Many retailers have spent hours upon hours building and optimizing their websites and now enjoy loyal followings who check back often for new products. So the question becomes: How do retailers make the most from their investment and monetize their sites beyond core retail activity?
The answer to that question: Become a marketplace and allow third parties to list their products on your site in exchange for a sales commission. This can increase product selection for your shoppers without the hassle of taking on extra inventory costs, and open up additional sources of traffic and revenue.
Gartner reported on the rise of marketplaces in its “What’s Hot in Digital Commerce in 2017” report, stating that “Increased product selection [from marketplaces] can result in greater cross-selling and upselling opportunities, improved search engine optimization, and better customer experiences when some products are out of stock.”
If your organization is considering becoming a marketplace, make sure you have a solid strategy in place to handle workflows and processes. Many retailers use third-party services to streamline managing and promoting their marketplaces. One type of third-party service is a marketplace integration platform that makes it easy to work with outside sellers, “allowing companies to create their own marketplaces by enabling vendors to register, load products and sell on existing commerce sites.”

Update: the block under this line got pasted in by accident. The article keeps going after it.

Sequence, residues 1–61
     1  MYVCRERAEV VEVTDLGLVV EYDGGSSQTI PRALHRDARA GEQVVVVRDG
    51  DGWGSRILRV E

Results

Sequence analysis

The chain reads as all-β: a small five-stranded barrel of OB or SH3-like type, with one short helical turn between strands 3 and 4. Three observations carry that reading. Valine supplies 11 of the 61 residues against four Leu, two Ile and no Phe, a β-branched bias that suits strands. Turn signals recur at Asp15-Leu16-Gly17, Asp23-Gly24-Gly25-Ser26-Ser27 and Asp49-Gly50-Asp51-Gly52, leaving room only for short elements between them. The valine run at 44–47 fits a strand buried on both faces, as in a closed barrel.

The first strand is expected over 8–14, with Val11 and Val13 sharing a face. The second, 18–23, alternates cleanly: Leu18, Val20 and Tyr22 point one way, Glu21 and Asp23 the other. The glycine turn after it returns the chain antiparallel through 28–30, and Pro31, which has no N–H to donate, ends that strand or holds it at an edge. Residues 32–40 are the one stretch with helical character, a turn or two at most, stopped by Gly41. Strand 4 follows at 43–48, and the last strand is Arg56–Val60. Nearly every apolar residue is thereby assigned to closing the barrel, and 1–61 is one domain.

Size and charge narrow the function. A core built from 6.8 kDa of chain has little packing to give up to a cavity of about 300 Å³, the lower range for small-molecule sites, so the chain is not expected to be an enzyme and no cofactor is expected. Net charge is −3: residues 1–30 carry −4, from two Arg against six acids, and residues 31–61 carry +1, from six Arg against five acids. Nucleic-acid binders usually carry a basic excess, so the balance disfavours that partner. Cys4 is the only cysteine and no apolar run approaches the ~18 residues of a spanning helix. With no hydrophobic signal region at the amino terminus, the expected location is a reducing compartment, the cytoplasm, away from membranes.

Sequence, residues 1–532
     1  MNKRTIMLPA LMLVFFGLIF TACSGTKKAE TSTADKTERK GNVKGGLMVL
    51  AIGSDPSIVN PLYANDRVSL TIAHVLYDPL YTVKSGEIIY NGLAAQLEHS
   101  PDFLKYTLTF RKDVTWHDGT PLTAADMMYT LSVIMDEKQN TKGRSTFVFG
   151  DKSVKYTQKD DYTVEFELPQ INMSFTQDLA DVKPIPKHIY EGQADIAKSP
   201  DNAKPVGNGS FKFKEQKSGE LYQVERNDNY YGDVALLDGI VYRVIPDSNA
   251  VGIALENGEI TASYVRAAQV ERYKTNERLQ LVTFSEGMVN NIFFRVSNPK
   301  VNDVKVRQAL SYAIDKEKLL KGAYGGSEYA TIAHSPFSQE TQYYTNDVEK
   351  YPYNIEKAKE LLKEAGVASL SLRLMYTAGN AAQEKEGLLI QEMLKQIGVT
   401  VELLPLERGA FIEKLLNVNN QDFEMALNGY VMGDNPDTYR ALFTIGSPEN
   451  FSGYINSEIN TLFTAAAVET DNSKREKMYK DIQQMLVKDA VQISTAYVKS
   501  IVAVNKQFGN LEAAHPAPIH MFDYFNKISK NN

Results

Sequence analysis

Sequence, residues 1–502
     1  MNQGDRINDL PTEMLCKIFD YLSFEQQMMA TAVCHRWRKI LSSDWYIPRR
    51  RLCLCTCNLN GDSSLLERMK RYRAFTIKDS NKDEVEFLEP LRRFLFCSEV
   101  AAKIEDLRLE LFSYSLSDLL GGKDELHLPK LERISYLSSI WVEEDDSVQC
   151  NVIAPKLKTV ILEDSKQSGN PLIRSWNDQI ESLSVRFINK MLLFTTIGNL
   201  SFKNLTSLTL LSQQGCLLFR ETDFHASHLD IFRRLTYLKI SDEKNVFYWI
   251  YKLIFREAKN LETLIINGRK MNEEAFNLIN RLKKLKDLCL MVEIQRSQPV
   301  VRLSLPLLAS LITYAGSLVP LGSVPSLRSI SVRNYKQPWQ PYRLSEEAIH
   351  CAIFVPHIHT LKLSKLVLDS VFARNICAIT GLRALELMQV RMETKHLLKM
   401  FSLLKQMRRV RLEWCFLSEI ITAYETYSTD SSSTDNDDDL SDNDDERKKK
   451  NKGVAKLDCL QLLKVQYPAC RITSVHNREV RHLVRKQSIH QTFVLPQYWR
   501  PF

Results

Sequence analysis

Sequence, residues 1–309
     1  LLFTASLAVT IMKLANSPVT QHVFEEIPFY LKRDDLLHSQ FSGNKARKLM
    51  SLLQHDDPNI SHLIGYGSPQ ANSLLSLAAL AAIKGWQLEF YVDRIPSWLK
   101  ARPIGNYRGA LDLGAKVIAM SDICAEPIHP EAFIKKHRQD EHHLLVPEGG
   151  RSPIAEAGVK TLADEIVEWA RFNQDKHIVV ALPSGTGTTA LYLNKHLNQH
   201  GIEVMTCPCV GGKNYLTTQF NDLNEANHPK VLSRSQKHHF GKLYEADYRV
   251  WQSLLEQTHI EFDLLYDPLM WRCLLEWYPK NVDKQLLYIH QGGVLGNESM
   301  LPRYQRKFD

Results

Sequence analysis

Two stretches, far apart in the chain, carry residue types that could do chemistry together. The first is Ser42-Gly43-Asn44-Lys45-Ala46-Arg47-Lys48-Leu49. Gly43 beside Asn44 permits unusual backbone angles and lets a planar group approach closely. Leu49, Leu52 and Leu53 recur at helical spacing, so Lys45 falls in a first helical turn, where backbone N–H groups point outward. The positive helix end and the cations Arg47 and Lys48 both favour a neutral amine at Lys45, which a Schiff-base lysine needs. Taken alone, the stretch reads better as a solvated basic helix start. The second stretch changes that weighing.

Marketplace operators can also use third-party services that promote their products both on- and off-site, keeping their marketplace vibrant with shoppers and activity. To further monetize spots in their marketplace, many retailers are also offering “brand sponsored products” (items that are prominently featured) to their sellers.
Becoming a marketplace can help retailers offer different products while bringing in additional revenue. Plus, retailers who choose to become marketplaces can also list on other retailers’ sites, expanding their reach even further. Becoming a seller on another retailer’s marketplace is a great way to test new markets or start to sell products internationally. Selling through another retailer’s marketplace is often a lower-risk alternative to establishing a stand-alone commerce site and enables brands to test a sales strategy before a full expansion.
As sites like Amazon, eBay, and Tmall become even more valuable sales channels, retailers are looking to incorporate marketplaces — both becoming one and working with others — into their strategies. Marketplaces aren’t going anywhere soon, and this trend will continue to take hold for retailers of all sizes.
Gartner’s “What’s Hot in Digital Commerce in 2017” report highlights how marketplaces, along with personalization, customer journey analytics, and more are impacting the future of retail commerce. Download the report here to see their findings in full.